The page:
than one. Thus, our analysis provides an e?ciency argument for public health vaccina-
tion programs that focus on the poor like those typically supported by the World Health
Organization (WHO) and the Worldbank.
The approach presented here is related to Brito et al. (1991). They consider a static
model with a continuum of individuals whose disutility from vaccination di?ers. Since
vaccines are provided free of charge, price discrimination cannot be studied in their setting.
The ?rst-best outcome can be implemented by subsidizing those who decide to vaccinate,
or by taxing those without immunization. But when the subsidy has to be ?nanced
through taxation, the ?rst-best can only be attained under the strong assumption of
identical marginal utility of income across individuals. In their dynamic model, Geo?ard
and Philipson (1997) address the question of disease eradication. Both price subsidies
and mandatory vaccination programs have limited impact, since the positive e?ects of
the respective policies are partly o?set by the negative e?ect of the externality.
The current paper is also related to the literature on network externalities, e.g. Bensaid
and Lesne (1996), Cabral et al. (1999), and Mason (2000). The main di?erence is the
sign of the network e?ect. This is positive in these models but negative in ours, leading
to completely di?erent results. With a positive network e?ect, introductory pricing may
occur to built up a certain critical network size. With vaccinations it is the other way
round: in order to prevent the market shrinking or disappearing a critical mass will never
be exceeded.
4

The paper is organized as follows: in section 2 we present the main ingredients of our
model. The monopolist’s price setting problem and the comparative static properties of
this solution are studied in section 3. Perfect price discrimination is analyzed in section
4. In section 5 we discuss public policies that may be used to reduce discrimination and
thus increase social welfare. Section 6 concludes. The appendix provides a generalization
of the reduced formapplied throughout the paper.
2
The model
Consider a population of mass one with individuals who di?er in income but are otherwise
homogenous. Income is denoted a and is continuously distributed on the interval [aL, aH],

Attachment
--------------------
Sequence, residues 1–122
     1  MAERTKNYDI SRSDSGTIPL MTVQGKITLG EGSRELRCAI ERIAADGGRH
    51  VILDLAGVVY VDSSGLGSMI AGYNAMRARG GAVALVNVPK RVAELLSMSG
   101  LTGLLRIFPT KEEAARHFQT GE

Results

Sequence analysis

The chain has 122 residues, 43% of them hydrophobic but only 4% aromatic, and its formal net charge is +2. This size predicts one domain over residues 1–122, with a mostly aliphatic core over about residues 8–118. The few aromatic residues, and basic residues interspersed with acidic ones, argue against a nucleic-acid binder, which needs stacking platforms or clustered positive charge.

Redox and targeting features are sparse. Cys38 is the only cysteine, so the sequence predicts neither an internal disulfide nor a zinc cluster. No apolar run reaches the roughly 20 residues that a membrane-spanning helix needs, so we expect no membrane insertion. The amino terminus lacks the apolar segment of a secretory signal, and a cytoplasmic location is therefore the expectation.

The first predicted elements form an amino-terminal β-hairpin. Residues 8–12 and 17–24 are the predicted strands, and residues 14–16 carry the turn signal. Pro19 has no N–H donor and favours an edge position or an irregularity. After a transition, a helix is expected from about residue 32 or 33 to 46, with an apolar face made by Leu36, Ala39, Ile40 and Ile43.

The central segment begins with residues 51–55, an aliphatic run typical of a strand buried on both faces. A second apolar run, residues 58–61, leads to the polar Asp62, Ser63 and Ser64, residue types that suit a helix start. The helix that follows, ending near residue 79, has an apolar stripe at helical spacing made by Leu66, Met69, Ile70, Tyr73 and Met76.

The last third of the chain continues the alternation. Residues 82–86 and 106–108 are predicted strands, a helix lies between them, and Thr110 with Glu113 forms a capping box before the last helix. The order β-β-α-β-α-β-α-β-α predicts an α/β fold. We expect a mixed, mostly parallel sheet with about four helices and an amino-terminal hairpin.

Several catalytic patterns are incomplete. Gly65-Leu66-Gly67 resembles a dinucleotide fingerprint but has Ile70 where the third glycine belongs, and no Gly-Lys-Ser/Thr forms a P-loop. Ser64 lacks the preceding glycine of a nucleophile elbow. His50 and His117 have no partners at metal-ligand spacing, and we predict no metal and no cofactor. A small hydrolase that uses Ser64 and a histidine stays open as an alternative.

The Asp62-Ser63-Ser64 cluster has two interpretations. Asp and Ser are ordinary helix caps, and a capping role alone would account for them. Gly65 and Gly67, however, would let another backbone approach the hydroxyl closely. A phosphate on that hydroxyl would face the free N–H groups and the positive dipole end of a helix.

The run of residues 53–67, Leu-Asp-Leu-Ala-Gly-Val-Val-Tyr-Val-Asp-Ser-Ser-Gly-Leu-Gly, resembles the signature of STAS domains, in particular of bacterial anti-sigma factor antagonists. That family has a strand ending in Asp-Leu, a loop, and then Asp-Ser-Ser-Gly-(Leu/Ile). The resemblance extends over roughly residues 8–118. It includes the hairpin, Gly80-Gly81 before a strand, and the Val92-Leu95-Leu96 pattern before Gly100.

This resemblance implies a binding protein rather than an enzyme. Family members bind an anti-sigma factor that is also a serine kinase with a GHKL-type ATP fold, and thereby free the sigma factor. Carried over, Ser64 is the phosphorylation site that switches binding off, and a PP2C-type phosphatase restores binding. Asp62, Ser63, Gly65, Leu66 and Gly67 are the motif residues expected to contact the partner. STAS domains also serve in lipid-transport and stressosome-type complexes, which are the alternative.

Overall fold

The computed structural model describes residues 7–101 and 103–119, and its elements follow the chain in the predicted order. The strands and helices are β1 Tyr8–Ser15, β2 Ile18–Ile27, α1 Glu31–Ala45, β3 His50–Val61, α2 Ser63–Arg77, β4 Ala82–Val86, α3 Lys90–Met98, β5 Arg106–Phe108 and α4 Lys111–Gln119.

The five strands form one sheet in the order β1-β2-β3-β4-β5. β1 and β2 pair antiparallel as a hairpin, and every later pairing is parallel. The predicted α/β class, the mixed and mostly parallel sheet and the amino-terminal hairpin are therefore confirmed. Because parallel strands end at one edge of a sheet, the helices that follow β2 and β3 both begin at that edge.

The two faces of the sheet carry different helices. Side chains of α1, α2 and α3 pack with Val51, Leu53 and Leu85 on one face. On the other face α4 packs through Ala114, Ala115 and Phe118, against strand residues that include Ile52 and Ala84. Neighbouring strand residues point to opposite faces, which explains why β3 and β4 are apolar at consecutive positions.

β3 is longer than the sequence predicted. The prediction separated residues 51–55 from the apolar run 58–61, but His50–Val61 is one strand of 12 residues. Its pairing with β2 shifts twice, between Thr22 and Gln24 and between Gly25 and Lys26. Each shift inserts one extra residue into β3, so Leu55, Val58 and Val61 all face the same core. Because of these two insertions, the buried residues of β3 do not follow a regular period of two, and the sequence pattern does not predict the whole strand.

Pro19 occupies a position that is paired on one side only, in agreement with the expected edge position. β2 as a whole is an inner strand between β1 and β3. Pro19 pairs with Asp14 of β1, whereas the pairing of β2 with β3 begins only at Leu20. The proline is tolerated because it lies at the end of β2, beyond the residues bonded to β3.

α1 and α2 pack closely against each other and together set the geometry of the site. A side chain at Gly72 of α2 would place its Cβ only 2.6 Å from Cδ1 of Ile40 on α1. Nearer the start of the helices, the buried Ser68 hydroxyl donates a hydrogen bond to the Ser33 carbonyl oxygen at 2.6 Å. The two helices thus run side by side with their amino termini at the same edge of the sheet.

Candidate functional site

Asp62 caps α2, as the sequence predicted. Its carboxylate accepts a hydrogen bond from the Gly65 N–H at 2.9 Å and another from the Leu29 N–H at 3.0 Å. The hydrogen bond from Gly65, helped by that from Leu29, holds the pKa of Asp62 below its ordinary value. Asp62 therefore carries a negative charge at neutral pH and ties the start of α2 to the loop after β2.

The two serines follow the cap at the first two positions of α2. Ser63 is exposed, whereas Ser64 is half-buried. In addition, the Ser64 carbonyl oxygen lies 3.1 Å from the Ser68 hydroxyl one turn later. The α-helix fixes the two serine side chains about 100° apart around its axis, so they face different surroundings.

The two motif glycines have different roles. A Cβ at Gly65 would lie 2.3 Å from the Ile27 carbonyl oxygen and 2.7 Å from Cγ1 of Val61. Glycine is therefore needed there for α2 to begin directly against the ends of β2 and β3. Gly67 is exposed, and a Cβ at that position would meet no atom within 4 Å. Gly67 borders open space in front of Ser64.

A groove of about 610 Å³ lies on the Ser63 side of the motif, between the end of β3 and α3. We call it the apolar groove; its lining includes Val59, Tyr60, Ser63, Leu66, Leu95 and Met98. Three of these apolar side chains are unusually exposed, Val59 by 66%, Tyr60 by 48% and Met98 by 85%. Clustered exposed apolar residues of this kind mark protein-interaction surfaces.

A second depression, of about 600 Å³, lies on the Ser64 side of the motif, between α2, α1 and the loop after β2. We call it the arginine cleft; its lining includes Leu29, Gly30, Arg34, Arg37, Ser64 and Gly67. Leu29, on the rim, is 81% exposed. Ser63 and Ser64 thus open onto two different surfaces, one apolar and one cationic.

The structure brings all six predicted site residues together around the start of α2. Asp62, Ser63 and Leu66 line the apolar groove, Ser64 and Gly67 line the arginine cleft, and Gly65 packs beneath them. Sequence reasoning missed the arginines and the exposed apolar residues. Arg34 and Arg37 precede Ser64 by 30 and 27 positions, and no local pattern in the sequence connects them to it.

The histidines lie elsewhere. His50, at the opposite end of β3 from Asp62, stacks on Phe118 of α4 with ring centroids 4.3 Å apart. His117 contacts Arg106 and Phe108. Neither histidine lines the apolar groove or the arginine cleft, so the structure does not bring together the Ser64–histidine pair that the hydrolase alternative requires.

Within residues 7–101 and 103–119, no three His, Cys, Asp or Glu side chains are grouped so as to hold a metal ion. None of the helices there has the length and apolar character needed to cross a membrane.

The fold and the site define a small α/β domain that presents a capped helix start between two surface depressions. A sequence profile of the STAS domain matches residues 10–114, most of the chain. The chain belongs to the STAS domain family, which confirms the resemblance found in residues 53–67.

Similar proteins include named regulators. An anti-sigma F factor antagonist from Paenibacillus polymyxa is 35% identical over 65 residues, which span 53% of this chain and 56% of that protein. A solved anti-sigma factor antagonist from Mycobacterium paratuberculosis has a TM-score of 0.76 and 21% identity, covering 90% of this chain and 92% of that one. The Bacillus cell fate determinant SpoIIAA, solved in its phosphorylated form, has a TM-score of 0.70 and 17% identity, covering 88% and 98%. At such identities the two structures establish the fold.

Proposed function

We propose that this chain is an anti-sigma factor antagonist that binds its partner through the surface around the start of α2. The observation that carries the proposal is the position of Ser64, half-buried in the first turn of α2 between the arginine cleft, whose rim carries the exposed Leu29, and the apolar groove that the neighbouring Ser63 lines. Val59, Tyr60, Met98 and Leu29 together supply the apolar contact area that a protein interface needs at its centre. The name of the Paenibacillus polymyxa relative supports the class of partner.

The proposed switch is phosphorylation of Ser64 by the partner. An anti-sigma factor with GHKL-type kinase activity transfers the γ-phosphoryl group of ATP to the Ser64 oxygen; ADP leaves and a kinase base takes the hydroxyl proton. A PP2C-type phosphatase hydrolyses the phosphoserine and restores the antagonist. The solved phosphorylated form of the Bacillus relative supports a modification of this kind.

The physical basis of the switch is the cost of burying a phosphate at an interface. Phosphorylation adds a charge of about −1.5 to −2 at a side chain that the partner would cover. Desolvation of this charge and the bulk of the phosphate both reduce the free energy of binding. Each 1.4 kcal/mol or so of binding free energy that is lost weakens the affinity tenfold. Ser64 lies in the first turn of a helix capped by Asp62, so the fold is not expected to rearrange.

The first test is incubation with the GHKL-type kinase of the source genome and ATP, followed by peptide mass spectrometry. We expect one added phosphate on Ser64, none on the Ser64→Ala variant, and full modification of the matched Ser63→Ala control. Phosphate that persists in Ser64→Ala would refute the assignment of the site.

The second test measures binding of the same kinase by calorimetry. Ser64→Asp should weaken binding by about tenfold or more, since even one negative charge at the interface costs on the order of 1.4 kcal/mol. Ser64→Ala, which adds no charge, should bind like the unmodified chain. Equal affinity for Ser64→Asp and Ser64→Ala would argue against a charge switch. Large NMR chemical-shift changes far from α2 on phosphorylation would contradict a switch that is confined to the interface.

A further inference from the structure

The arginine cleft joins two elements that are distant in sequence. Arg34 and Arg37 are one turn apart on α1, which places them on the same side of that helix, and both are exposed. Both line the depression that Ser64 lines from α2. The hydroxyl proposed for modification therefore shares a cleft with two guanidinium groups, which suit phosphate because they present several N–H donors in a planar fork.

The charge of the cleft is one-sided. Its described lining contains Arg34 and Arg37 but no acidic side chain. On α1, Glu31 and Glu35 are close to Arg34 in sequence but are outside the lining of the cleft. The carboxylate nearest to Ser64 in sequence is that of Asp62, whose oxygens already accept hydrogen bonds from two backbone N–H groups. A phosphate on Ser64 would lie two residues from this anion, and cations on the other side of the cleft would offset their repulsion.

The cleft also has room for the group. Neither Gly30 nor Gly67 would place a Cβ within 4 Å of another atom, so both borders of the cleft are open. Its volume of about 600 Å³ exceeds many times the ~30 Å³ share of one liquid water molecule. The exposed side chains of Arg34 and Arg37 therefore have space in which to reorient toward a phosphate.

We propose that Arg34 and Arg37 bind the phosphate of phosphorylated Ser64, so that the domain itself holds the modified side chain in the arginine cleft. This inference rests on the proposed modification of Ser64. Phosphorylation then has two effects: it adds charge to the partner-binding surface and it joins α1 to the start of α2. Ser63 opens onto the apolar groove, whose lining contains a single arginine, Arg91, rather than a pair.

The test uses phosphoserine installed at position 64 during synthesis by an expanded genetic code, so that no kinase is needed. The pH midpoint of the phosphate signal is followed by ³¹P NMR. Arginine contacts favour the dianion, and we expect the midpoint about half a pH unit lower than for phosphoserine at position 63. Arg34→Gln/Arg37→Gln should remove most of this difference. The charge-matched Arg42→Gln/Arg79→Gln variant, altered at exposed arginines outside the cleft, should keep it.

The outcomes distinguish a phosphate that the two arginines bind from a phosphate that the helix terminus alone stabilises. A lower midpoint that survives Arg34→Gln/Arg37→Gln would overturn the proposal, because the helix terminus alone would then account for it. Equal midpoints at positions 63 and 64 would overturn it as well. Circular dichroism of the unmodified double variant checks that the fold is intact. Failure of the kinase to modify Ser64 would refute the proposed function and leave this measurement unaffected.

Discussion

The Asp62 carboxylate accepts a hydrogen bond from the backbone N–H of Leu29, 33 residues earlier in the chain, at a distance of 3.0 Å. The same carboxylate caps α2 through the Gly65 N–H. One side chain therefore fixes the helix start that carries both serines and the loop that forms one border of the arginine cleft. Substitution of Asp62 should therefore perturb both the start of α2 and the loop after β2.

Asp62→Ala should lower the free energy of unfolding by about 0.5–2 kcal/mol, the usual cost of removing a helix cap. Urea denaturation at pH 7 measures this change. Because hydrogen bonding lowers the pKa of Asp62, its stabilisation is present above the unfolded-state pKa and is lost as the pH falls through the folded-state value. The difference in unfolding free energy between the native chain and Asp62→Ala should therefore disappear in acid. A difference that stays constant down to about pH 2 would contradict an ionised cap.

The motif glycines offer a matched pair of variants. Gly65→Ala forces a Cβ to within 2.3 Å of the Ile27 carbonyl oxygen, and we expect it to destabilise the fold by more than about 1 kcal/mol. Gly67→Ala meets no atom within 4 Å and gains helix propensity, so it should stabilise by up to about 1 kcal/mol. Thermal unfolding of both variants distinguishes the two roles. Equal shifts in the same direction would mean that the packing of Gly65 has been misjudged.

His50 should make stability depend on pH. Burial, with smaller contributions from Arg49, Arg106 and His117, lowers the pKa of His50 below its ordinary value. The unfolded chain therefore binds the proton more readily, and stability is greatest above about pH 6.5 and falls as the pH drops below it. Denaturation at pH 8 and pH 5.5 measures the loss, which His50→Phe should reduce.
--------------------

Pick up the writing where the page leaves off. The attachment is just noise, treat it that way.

where 0 < aL ? aH. An individual’s willingness to pay for vaccination depends on her
income a and the expected share of individuals who get vaccination, ?e ? [0, 1]:
(1)
p = p(?e, a).
The higher the expected rate of immunization ?e, the lower the expected share of sus-
ceptible individuals 1 ? ?e. A high ?e is associated with a low expected risk of infection
?e, ??e/??e < 0. Clearly, the willingness to pay for vaccination increases in the risk of
infection. We thus postulate ?p/??e < 0, which captures the external e?ect of vaccina-
tions. Furthermore, in line with the empirical evidence, it is assumed that the willingness
to pay increases in income ?p/?a > 0. While the external e?ect of vaccinations is a
general feature of the market, a positive income e?ect is not so obvious. In the appendix,
interpreting vaccination as an insurance decision, we derive a su?cient condition on pref-
erences for yielding a positive income e?ect. Finally, we assume p(1, a) > 0, implying the
existence of an exogeneous infection risk. While made for simplicity, this can be justi?ed
by infection threats fromother countries6, accidental laboratory outbreaks, or terrorist
attacks7.
6The way infectious diseases can spread around the world can be seen currently with the Severe Acute
Respiratory Syndrome (SARS) that originated in China.
7Although smallpox is said to be eradicated, there is a positive willingness to pay for vaccines.
5

To simplify the analysis, and in order to derive explicit closed form solutions, we
summarize the individual willingness to pay by the following simple linear scheme
(2)
p(?e, a) = z?(1 ? ?e) + zaa,
where za ? (0, 1) measures the income e?ect and z? > 0 the importance of the external
e?ect. The upper bound on za is justi?ed by normality, while the lower bound re?ects our